Monday, May 14, 2012

If I Were Governor of California (or Illinois or....)

Governor Brown today announced the need for an additional $8B in cuts to state spending, on top of some $15B of cuts over the last three years. These cuts will slash funding for education, health care for children, welfare programs, etc.

And California is not alone. Many states face drastic shortfalls in their budgets, massive underfunding of pensions, and so on.

And it's just going to keep on getting worse.

So what's a governor to do? It seems to me that in a sane, rational, compassionate society, one in which we recognize the importance - above everything else - of ensuring all our children are healthy, are fed, are educated, are thriving, the first thing we do is identify those who have extracted millions, probably billions of tax dollars, and siphoned them off to their pockets.

If I were governor....I would have my staff analyze who in my state has been getting rich off of the state budget. Sure, lots of the money, maybe most of it, goes to directly paying for services to the poor. But I am beyond certain that there is a cadre of well connected businesspeople who have bribed and cajoled and "contributed" their way to legislators' hearts and pocketbooks over the years. 

I would identify these people and with maximum transparency possible publish the flow of state funds to their commercial enterprises, and sum up the total amount that these very wealthy people have taken out of the system - in effect, taken from the mouths, stomachs, bodies and minds of our most vulnerable.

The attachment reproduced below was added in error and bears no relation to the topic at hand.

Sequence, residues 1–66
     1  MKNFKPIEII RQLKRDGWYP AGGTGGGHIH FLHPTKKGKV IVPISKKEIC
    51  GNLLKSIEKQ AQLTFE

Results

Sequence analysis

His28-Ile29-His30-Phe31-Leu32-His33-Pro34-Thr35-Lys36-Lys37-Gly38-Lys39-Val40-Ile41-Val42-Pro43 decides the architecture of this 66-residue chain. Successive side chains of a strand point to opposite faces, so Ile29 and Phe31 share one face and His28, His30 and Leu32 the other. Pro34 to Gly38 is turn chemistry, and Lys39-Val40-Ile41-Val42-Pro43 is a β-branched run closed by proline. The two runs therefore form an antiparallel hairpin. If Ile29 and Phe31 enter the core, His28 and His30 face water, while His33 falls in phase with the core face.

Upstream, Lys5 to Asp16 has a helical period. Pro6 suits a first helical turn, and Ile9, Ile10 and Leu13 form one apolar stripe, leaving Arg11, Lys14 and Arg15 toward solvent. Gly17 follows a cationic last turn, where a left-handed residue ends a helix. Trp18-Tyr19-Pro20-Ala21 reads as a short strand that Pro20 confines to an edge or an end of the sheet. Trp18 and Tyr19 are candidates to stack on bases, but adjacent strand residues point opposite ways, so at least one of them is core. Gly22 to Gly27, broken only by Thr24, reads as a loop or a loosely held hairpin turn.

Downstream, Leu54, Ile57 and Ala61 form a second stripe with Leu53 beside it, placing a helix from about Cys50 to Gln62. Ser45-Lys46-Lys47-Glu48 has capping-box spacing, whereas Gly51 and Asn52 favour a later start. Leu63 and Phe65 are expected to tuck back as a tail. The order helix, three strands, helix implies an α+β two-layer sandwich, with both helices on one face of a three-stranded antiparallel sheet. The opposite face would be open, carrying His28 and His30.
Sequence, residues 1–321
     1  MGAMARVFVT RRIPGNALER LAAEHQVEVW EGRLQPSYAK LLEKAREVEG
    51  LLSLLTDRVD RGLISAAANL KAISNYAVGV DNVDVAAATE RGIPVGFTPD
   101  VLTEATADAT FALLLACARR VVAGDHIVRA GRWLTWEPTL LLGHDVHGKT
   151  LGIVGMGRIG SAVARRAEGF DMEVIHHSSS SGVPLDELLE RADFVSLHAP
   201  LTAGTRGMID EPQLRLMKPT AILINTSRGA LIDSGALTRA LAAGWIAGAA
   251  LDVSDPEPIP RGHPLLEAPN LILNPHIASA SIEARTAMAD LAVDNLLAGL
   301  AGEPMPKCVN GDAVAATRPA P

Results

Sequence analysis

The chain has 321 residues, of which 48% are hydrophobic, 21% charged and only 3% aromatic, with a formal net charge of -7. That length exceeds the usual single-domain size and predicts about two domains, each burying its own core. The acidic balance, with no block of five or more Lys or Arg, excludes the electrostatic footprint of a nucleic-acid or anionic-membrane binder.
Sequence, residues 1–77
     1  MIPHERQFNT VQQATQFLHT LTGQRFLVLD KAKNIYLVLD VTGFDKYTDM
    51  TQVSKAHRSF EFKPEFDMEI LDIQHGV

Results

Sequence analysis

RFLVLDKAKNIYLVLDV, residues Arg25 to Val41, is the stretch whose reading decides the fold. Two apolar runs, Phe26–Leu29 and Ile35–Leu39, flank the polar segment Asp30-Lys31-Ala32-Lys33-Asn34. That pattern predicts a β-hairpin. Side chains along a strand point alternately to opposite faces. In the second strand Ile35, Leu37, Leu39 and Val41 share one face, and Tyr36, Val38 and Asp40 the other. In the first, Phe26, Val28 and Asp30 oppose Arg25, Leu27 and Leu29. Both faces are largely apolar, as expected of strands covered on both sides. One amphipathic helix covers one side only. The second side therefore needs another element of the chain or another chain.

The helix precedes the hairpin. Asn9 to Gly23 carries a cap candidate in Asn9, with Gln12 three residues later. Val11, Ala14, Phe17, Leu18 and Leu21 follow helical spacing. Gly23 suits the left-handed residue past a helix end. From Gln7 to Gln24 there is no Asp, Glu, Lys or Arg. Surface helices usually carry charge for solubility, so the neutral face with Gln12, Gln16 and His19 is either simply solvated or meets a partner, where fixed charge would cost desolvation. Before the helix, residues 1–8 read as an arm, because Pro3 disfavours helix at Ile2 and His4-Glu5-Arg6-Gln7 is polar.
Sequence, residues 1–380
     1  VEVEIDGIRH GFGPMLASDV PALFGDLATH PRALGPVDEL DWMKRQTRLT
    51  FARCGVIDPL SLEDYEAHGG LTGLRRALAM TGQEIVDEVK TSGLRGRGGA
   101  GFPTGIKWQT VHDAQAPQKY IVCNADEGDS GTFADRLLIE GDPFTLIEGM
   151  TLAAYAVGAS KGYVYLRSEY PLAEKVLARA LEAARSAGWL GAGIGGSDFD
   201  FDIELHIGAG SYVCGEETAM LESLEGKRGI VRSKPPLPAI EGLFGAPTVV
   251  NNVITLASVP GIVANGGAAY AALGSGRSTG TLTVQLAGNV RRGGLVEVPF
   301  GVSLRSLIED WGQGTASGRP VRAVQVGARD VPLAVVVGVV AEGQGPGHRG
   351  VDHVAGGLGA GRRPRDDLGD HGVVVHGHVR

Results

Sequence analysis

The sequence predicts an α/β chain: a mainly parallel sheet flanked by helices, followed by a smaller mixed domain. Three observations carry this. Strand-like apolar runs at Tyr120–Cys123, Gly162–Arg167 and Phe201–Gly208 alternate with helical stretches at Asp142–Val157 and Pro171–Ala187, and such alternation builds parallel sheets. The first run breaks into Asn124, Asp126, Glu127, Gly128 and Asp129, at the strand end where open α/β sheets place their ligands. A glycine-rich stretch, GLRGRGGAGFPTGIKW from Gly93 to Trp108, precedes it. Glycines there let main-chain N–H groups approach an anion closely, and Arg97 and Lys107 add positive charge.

I would then call on all of these people and their companies to renegotiate any contracts with the state to cut profits to a bare minimum - not lose money, but not make tons of money off of the public either. If they don't like the terms, I am sure we could find others who will do it.

And I would encourage citizens of my state to bring pressure to bear. In effect, these people need to be shamed (they should feel ashamed, but I doubt they do) into doing the right thing.

The money reclaimed from this effort would almost certainly not take care of the deficits. Women, children, the working poor, many of those in the middle class right on the edge, will still pay with their very health and quality of life. But at least they wouldn't be doing that while the fat cats continued to meet in their country clubs, whine about "welfare queens" and then use their illicit gains from public works contracts to fund their own extravagant life styles.

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